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The job hop
Studies show new associate veterinarians switch jobs faster than average workers


On the homefront

New practice owner Susanna Aldridge, a 2001 graduate of the Purdue University College of Veterinary Medicine, knows firsthand some of the pitfalls of being an associate.

After graduation, she says she worked for two years as an associate at a private practice. She left for better compensation at a corporate-owned veterinary hospital, but says she didn't get the mentoring she had hoped for in her first job experience.

At the practice, Aldridge says she was transferred to three different hospitals and never got any paid vacation time. Raises and vacation time were granted based on production, and some of the hospitals she worked in were very slow.

When she made suggestions to bring in more business, they were ignored, she says.

"I have a couple of friends, one who just recently opened a practice also, with the same problems. It was the same type of frustrations.

"You don't have the ability to impact the way things are run, you don't get much say in the business and the medical side of things, yet you are limited to what you can bring in production-wise because of the way things are done," Aldridge says.

Aldrige purchased her own practice, Tender Loving Care Animal Hospital in Martinsville, Ind., in January 2008 and just hired her first employee.

Her recent experiences as a frustrated associate will help her manage her part-time associate, she says.

"It was kind of good I had all these associate experiences," she explains.

"And being a recent grad myself, I understand the frustrations of an associate, so I think, hopefully, I'm a more fair owner/boss."

But not all practices are experiencing high turnover. At Amber Leaf Veterinary Hospital in suburban Chicago, most of the four associate veterinarians have worked at the practice for at least five years, says owner Dr. Steven Rohrback, and one is about to become a partner. The employees who left departed when spouses were transferred or to start families.

With more female veterinarians than males, Rohrback says he thinks the desire female associates have to take time off to start a family is a big factor in departures.

That aside, Rohrback says he strives to keep his practice competitive in many ways, from salary to hours, to keep his associates happy.

Communication is open, and he tries to give everyone's opinion consideration. He also loves to act as a mentor and encourage his associates' specialty interests, Rohrback says.

"Mentoring's important. I can't imagine why a veterinarian wouldn't mentor young people," he says.

"That's one of the best parts of the practice and it increases the effectiveness of your practice."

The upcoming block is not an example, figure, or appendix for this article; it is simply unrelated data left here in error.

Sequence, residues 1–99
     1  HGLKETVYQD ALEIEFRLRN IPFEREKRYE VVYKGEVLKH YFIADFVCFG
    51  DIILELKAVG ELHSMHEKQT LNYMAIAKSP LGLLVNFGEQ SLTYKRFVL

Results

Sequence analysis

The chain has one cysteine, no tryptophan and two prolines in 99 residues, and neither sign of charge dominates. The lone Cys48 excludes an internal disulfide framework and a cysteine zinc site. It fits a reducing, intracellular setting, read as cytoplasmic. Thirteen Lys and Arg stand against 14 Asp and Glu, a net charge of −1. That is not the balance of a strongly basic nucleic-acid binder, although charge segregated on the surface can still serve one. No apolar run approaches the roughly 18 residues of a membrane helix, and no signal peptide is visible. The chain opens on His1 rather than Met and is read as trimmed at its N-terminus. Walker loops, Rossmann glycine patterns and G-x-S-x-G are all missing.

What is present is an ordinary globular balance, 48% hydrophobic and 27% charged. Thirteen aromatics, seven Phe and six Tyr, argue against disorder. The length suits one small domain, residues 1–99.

Though he is willing to be flexible and offer his employees a lot, Rohrback admits it sometimes it hard to get everything he wants in a new hire.

His clinic used to offer late night and weekend hours and emergency services, but he has cut back substantiallly because he couldn't find anyone who wanted to work those hours.

"Try to hire a new veterinarian nowadays and tell them we do our own emergencies. It's not going to happen," Rohrback says.

"It used to be the clients who dictated what the veterinarian's hours were. Not any more. Veterinarians coming out of school dictate where veterinary medicine is going."

Attitudes like Rohrback's aren't always commonplace, though, and owner veterinarians often are not taught leadership and management skills, Brogdon explains.

This often results in new employees, whether they are doctors or technicians, feeling unwelcome and not a part of the overall team.

While they might not have the clinical experience of owners, new employees can bring a lot of ideas and a fresh perspective to a business, and that should be encouraged, she says.

Employees who feel valued and (feel) like they are learning are more likely to stay at a business, even if they aren't entirely happy with their pay, Brogdon adds.

"The right mentoring can help turn a doctor into more than a doctor," she says.

Still, Brogdon agrees that salaries can be a big part of one's decision to leave, and the economy certainly isn't making it easy for owners facing a crunch to offer highly competitive benefits. But allowing employees to leave because owners can't afford to pay more is "penny-wise and pound-foolish," Brogdon says.

"The rule of thumb is, it takes one-and-a-half annual salaries to replace somebody," Brogdon says, adding it is cheaper to pay an employee more than to lose them, and owners should review their own fees before letting an employee jump ship.

"The vets aren't taught how to value their own services. Fees are too low, or they are not good enough at communicating value to employees," Brogdon explains.

It sort of trickles down. If the fees are not appropriately set, they can't afford to pay doctors and other levels of staff what they should be paying."


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